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Aviary: a place where you keep birds in a confined area......more
Embryo: the egg after fertilization and before it has developed into a recognizable form.
Extra-pair Mating: mating between an individual that is in a socially monogamous relationship and another individual that is not in that relationship.
Fitness: an individual's success in surviving and producing offspring, often measured by the number of offspring an organism has that survive to reproductive age. Fitness may also mean a measure of health, or how healthy a person is.
Infertile: unfertilized; an egg is infertile when the male sperm do not reach the female egg cell. Infertile eggs will not have an embryo inside.
Monogamy: a type of relationship that occurs when males and females form a relationship with only one partner at a time. Neither the male nor the female has multiple partners.
Social Monogamy: when individuals pair up with only one partner at a time for raising their families, but sometimes mate with other partners.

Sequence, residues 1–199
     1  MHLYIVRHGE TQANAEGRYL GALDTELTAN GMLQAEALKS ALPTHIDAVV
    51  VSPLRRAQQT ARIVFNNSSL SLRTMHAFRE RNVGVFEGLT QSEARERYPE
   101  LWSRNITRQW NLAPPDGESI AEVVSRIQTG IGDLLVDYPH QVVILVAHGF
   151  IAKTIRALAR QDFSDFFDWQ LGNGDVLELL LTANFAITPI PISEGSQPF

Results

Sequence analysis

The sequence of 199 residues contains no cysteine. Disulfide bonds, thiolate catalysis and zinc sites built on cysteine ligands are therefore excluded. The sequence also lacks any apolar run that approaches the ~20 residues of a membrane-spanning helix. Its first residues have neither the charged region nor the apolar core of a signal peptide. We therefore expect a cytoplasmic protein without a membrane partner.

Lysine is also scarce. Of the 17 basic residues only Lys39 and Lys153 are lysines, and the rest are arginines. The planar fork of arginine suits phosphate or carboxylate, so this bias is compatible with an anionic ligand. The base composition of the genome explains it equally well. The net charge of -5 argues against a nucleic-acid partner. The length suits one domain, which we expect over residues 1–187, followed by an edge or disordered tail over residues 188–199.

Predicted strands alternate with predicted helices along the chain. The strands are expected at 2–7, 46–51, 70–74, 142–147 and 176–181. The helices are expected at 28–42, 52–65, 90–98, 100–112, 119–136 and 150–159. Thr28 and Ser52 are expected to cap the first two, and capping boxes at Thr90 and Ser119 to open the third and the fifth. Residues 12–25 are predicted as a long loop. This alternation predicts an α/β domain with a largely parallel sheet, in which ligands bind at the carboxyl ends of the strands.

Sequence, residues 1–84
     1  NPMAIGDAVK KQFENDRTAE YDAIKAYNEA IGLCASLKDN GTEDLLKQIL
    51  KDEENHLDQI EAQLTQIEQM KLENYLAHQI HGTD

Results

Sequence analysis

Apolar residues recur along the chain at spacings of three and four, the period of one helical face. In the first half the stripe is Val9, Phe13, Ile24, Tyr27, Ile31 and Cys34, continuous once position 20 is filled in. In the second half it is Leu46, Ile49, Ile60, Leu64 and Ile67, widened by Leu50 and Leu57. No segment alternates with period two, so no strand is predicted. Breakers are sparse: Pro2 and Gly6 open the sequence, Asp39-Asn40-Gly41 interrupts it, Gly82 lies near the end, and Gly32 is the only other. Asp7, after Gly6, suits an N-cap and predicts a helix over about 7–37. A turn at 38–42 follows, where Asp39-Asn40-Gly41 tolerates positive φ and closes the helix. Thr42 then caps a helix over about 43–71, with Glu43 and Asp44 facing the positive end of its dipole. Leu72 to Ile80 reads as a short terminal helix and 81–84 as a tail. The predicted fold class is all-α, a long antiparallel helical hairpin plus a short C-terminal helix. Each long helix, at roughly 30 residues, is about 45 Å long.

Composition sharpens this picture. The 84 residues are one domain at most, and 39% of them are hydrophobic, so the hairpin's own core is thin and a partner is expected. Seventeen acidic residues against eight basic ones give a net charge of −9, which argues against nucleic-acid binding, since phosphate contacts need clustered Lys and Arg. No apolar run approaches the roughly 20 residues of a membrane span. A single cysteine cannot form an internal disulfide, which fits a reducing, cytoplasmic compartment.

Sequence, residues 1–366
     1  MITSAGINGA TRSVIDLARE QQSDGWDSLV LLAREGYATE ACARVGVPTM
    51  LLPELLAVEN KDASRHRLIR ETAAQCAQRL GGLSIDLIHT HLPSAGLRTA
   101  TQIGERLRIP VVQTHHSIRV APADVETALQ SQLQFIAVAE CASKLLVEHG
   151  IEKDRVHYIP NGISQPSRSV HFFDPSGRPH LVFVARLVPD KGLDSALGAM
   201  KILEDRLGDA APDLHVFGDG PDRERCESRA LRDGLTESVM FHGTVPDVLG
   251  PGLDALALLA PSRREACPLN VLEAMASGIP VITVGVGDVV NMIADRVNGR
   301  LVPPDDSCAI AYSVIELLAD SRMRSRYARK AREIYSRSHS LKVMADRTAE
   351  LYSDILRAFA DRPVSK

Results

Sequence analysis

Your crush enters the room and your heart immediately starts racing. Your face flushes as you start to talk nervously to your friend. But you aren’t making much sense. Your friend tells you to stop acting so ridiculously.
What is it that makes you feel attracted to this one particular person more than another? Why can’t your friend understand what you see in your crush? Your friend is falling for some other person completely different from the one you like. How do these differences in preference affect the relationships we form?
Measuring the costs and benefits of mate choice is a challenging task. Scientists can’t simply swap partners between two loving human couples to see how well they adjust. In the PLOS Biology article "Fitness Benefits of Mate Choice for Compatibility in a Socially Monogamous Species", scientists studied how mate choice affects reproductive success in a bird species.
Birds have beaks and wings they use to fly, which makes them seem very different from humans. But some birds aren't as different as you might think.
The zebra finch is similar to humans in some of their relationships. These birds bond with one partner for life and share the duty of caring for their offspring.
They choose their partners in a way that is specific to each individual, meaning different birds do not agree on which bird is most attractive.
Picking the right partner can be important in many ways. A specific partner can give direct benefits. For instance, if a chosen male brings a lot of food to the nest, this makes the work easier for his female partner. But benefits of mate choice can also be indirect. A wisely chosen partner can pass on good genes that allow offspring to survive better.